Jesse had an engaging smile and a wonderful personality. When we came back down, almost everyone had gone, so we decided to go too. On the way down the mountain, we met the other boy coming up, so regretfully we parted, and I continued home with the other boy. Without a phone and living so far apart, I thought that probably Jesse and I would never meet again. But that night I went to a pay phone to call Jesse to see if I had left my purse in his car, and he asked me for a date, to go see the movie “Fantasia”. From then on, we went together almost every week, and Jesse kept asking me out. We went to fun places, like beach parties, concerts at the Hollywood Bowl, swimming, Lambda Delta Sigma parties, and an occasional show.


Jesse had joined the Air Force to learn to fly before we had met, so he left for flight training in Texas and Oklahoma in November of 1941. On December 7, 1941, Pearl Harbor in Hawaii was bombed by the Japanese, and the United States declared war on Japan and Germany, and World War II began. The California government thought we were also in danger of attack by the Japanese along the coast so all of the important places in the city were covered with barrage balloons. Those were big balloons about half the size of blimps so that enemy airplanes couldn’t fly too low if they wanted to bomb us. Searchlights were also placed at strategic places, and every plane that flew over was targeted by the lights until they passed out of the area.

Every night was a blackout. In other words, all of the street lights were turned off and no light could show from your windows. It was pretty scary being out at night in all of that darkness. Both of my parents were “Air Raid Wardens” or “Block Wardens”. They were responsible for seeing that no light shone from anyone’s window, and to report any suspicious activity. They would have to go around the block every evening checking on that. They wore metal helmets and identifying arm bands.


There were “air raid warnings” every so often when unidentified planes or submarines would be detected off the coast. There were sirens placed everywhere that would go off when a warning came. Once I was on my way to college, and the warning went off. It must have been a serious warning because all of the streetcars and busses quit running, and the people were supposed to stay inside. There was apparently a real threat of a Japanese intrusion of some sort. After the war we learned that several times Japanese submarines had been detected off the coast.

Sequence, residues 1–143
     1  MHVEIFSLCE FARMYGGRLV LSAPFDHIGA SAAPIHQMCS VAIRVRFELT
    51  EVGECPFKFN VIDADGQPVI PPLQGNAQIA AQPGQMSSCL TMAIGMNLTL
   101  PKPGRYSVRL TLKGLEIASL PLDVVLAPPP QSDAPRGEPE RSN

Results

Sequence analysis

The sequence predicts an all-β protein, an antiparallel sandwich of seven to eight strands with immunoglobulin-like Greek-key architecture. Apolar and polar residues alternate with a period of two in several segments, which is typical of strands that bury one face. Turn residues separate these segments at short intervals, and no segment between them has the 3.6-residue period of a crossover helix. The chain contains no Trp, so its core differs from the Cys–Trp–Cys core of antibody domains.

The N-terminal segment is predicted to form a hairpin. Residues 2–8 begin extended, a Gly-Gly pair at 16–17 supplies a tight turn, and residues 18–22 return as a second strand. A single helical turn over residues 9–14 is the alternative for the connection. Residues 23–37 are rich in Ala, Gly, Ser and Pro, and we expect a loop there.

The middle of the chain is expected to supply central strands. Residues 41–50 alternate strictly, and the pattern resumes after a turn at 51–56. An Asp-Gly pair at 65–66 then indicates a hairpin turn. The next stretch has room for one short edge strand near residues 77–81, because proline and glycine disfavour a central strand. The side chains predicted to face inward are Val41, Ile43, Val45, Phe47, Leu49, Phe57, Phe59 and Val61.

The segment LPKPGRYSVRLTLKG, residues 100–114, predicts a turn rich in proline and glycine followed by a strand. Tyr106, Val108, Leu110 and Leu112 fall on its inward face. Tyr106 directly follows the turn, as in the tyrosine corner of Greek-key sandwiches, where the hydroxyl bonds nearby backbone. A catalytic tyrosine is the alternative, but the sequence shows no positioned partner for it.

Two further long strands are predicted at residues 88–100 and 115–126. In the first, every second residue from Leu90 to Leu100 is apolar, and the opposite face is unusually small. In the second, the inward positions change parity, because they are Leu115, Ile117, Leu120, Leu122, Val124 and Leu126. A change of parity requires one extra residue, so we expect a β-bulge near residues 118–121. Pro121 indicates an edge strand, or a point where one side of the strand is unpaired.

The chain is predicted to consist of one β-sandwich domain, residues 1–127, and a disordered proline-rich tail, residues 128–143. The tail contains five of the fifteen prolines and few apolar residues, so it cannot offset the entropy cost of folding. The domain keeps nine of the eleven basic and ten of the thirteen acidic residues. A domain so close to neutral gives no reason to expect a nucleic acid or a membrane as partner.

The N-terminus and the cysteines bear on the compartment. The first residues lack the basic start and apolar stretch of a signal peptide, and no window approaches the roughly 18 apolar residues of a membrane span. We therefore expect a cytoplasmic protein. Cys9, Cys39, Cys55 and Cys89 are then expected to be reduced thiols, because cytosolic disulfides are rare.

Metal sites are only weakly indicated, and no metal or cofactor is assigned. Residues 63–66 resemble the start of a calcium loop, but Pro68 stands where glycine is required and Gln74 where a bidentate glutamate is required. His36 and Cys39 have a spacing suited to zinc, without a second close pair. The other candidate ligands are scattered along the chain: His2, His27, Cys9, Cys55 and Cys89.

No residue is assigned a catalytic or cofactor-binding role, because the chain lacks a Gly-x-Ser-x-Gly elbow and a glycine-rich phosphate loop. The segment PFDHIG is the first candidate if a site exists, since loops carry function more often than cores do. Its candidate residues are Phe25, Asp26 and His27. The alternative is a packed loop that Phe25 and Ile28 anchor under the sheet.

Each family was issued a ration book, with coupons for various items: gasoline, shoes, and foods like sugar, butter or margerine, meat, and various other items. The food rationing didn’t bother us, but there wasn’t enough gasoline to go anywhere. I had enough coupons for gasoline to either make one trip to church each week, or drive to the market to buy groceries each week. I usually chose the latter, to have a car to carry the food home in. Shoes were also a problem for my little brothers since they wore them out so quickly and didn’t have enough coupons to replace them, so I gave them my coupons since I had enough shoes.

There were no new cars, refrigerators, stoves, washers, car tires, or anything like that. They weren’t being made. All of those kinds of materials were being sent to help the war effort. If you wanted any of those things, or if something broke, you either had to buy a used item or do without. Everyone was also urged to plant a “Victory Garden”. Mother planted a large garden in the back yard, and we all helped care for it. People were asked to give blood, save scrap metal and turn it in, and be frugal. People were asked to buy war bonds and war stamps. We tried to do all of those things and to be good citizens.

It was very rare to see a young man between the ages of 18 and 30 or so. They had all been drafted into the military. Families who had sons or daughters in the military service would hang a silk fringed rectangle in their windows, with a blue (?) star on it. Jesse’s Mother had one in her window. If the service person were killed, they hung a gold star in the window. It was sad to see how many gold stars began to show up.


Jesse was in flight training for nine months, and during that time I went with other boys and became quite fond of one of them, a returned missionary going to USC, whom I considered marrying. I wondered which to choose: Jesse or Claude, for they were both wonderful young men. I fasted and prayed to be guided in which one to choose. So when Jesse came home July 5, 1942, with his newly won wings and 2nd Lieutenant bars, I knew he was the one for me, and we were married eight days later, on July 13, 1942.

We had wanted to be married in the Temple in Salt Lake City (there were no temples in California at that time), but because of the war, Jesse only had a week’s leave, so we were married in the lounge of the Huntington Park Stake House by Jesse’s Bishop, with both of our families there. Since Jesse was to be stationed in Salt Lake City for his first assignment, we had planned to be married in the Temple there as soon as it opened after being closed for summer vacation. However, he was transferred before it opened, so we didn’t get to have our marriage sealed in the Temple until Jesse returned from overseas. We then had that beautiful ceremony done on March 22, 1945, in the Salt Lake Temple.